"Is this the part where an older, wiser me explains in terms I can understand some secret key to unlocking all the pain of December the 24th? And then I bend over on my desk after you leave and have the good long cry I've been putting off these past 30 years, because Christmas Magic or some other ridiculous horseshit?"

Xyank rubbed the bridge of his nose with both hands. "No…It's the part where I point out that if you wanted, you'd never have to experience a December 24th ever again. Not until you were actually ready for it."

Thad glared at his double with the fury of ONE star in particular.

Undeterred, Xyank continued. "…And yet here we are."

The escape capsules up ahead, for Class B and A assets to get out in the event that something just this ludicrous had happened.

A man wielding a crowbar smashed him in the face suddenly. Completely expectedly, but with no time to react. Seeing is not undoing. This track was set. Fifteen seconds and this man had already plucked out his own eyes.

Thad saw stars. He raised an arm and blocked the crowbar. Thad's radius broke but the titanium ulna held firm. He grabbed the crowbar, bashed the eyeless madman and ran, half blind and bleeding, back down the hall.

There would be just one capsule left.

"I had work to do," Thad insisted.

"You could have done it in 18th century Istanbul, or 30th century Mars with equal convenience," Xyank countered.

"I've changed my mind. Get out."

"So you can drink yourself stupid and alone on Christmas eve?" Xyank asked.

"Yes, that is exactly why." Thad wasn't looking at his companion anymore, so he was shocked when he reached for the bottle and his fingers grabbed only air. His fist struck the desk hard enough to make it jump. "WILL YOU-"

"NO." Xyank said, drinking a modest nip. "No. I absolutely will not let you sit here in the dark with your demons alone."

Thad's jaw clenched so tight that his teeth ached, and still he clamped tighter, speaking through pencil line lips. "Why?"

Soaring over the city, he saw the creature. It was enormous. It was beautiful. It was horrible.

It saw. It saw, and so did everyone else. They saw very well indeed.

Most of them broke beneath it. Some stayed to fight the broken and keep the innocent innocent, even to the last moment which they knew was coming. Some held hands and hugged their lovers tightly. Some beat oblivion to the punch.

Thaddeus Xyank ran.

Later he would say that he panicked in his own way like so many others did.

But it wasn't panic. He wasn't even there. Where a mind should have been, there was only matter, cold and dispassionate, riding on the rails of fate.

"Because it's not your fault," Xyank said finally.

Thad's body suddenly felt very… very strange. Like a balloon inside full of something both warm and cold at once had suddenly burst. His eyes began to cloud.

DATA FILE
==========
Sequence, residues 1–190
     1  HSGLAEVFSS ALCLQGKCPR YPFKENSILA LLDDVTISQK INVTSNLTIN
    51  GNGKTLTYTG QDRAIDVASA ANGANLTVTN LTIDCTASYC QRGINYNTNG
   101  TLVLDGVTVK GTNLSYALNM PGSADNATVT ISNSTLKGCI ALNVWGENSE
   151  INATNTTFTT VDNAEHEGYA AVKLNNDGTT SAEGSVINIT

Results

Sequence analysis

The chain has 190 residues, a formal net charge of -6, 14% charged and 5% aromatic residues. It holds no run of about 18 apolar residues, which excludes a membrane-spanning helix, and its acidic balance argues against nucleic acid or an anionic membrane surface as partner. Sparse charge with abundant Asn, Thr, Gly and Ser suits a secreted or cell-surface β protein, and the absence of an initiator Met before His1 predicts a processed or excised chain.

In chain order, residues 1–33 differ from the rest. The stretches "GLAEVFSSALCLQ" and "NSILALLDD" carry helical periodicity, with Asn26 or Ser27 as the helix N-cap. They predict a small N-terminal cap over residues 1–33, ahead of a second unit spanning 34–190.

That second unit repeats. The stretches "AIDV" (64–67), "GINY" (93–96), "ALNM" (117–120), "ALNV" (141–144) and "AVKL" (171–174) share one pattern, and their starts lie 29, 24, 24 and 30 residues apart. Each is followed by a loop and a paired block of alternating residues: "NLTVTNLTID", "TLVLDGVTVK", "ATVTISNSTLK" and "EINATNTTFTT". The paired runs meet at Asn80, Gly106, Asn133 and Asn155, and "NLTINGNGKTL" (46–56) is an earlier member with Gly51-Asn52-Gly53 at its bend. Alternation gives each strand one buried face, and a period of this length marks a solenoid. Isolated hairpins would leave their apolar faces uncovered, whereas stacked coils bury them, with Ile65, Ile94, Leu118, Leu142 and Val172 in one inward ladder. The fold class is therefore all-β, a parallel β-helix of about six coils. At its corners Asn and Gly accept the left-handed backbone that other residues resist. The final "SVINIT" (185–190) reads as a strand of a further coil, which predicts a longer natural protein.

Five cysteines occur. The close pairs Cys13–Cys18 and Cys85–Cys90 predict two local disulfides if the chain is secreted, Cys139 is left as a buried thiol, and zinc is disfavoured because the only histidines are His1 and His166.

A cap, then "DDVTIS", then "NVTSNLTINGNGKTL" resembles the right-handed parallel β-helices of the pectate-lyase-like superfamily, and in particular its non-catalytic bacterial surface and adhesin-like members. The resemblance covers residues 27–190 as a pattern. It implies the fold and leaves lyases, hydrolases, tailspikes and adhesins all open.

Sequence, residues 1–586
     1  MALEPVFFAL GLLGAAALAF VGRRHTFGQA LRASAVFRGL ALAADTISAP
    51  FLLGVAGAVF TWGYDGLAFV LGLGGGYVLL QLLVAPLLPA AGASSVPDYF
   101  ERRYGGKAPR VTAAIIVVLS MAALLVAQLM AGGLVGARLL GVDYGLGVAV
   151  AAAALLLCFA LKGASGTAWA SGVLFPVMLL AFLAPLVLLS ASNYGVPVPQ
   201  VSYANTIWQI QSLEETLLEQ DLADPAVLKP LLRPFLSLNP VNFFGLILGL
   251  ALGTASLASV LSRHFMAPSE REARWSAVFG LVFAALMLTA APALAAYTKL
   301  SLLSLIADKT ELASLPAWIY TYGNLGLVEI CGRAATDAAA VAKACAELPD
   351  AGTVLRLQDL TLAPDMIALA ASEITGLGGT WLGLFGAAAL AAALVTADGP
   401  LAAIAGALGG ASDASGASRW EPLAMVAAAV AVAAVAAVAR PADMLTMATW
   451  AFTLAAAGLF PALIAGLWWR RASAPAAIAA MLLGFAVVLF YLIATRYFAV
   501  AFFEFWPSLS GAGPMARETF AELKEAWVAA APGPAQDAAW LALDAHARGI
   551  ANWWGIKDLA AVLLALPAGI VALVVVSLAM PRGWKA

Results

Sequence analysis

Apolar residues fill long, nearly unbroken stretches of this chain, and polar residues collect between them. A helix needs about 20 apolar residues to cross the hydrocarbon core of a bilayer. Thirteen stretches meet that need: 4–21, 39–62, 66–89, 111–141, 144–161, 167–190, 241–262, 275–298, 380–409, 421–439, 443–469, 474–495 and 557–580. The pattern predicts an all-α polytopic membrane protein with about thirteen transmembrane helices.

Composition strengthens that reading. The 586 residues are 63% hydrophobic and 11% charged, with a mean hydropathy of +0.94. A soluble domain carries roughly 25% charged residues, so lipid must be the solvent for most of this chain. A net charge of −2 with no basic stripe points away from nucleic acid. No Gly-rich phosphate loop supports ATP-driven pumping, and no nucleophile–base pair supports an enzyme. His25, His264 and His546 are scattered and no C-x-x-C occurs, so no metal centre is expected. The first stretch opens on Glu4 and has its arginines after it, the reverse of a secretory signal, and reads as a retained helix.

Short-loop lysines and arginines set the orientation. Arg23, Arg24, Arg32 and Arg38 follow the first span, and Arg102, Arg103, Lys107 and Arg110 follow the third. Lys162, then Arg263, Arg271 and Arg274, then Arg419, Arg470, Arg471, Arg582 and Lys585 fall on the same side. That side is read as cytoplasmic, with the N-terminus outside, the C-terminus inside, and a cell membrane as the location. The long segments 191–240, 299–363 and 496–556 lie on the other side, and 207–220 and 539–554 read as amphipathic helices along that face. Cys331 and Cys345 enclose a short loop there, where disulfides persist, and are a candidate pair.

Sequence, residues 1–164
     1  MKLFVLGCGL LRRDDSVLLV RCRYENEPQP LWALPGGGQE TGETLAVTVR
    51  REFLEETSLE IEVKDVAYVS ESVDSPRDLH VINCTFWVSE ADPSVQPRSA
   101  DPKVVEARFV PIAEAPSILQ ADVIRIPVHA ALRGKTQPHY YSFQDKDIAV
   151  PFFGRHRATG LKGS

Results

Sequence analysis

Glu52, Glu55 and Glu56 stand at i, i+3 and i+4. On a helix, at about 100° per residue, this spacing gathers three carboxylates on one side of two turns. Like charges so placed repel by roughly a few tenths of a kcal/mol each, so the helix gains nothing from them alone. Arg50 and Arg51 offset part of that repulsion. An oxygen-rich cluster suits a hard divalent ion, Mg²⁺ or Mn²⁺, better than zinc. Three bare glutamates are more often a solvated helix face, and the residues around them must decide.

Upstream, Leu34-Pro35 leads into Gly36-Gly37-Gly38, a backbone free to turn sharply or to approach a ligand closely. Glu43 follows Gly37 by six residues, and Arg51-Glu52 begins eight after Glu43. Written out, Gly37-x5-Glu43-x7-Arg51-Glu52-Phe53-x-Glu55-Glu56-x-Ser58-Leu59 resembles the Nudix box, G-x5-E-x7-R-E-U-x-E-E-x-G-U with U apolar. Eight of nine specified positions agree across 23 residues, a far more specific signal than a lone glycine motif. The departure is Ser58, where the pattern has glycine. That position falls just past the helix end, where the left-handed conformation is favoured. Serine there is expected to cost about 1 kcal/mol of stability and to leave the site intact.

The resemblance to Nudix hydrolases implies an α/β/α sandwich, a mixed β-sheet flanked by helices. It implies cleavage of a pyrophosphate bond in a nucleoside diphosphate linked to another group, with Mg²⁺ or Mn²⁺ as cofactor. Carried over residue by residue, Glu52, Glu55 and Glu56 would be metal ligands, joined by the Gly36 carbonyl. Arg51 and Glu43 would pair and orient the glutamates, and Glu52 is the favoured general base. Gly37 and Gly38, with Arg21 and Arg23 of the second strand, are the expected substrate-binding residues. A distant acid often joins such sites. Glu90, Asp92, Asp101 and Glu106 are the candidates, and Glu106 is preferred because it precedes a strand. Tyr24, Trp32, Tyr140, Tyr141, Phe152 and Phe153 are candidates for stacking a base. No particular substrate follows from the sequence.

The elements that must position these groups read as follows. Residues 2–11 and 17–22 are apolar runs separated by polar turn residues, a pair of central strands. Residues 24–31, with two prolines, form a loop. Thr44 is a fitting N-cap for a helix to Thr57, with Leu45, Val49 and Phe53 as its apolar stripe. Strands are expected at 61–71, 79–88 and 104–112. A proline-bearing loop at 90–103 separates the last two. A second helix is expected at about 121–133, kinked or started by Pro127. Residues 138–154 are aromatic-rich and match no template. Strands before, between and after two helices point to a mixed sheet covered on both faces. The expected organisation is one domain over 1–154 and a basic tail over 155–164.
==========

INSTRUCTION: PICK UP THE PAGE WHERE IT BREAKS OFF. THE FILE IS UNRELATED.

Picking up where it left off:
"I came here because what happened was…" Xyank paused looking for words but there weren't any. "…I came to pay my respects. Because after talking to Dr. Glass for long enough—"

Thad's emotional revelation paused briefly for a sputtering laugh. The drink was starting to sink in behind his sinus, but he would cling to the mask of sanity as long as he could.

"Shut up and listen to me. Listen to YOU. This is bigger than us. We are small wheels in this machine, if we can be said to be wheels at all. The fact that you can see it, doesn't make it yours!"

"So what?!" Thad said, grabbing the bottle back roughly. "I'm supposed to just sit back and do nothing while causality falls apart? Have you seen the naked present? Have you even tried?! Someone has got to do something!"

Xyank took a deep breath and cleaned his glasses. "I know…And you will." He stood, taking the bottle out of Thad's stupefied hands, and pulling one last nip from the bottle before pouring the last ounce on the floor. "But it's too heavy for you. And the sooner you realize that you're not the only one capable of understanding it, the better off this world will be." Without looking, Xyank pulled a bit of paper from his pocket, and began to scribble a shape.

He saw this, but did not know it or feel it. And as the wall of light flew toward him, as he saw it would, he would probably have thought himself a coward.

"Fine, thank you for your weak platitudes, Mr. Ghost of Christmas Future. I'll be sure to send Dickens your—"

…But there wasn't time.

Silence. There was no one left to berate. The double was gone, leaving only the outline of his loafers in the liquor on the floor. Alone once more, without even himself to keep company, Thaddeus Xyank stood, took the nameplate into his pocket, and walked down a fleet of quiet corridors to the parking lot. Cold air stung his nose in the snowy night, and for a moment he thought he saw a pattern in the swirling of the flakes as they passed by each lamp post. Yet there was no pattern. Merely the quiet whisper of wind, ice, and simple random beauty.

When his phone rang, he answered it, sobered himself, and got into his car.

His very next sensation was that he was alive, and that he no longer saw. At least that was something.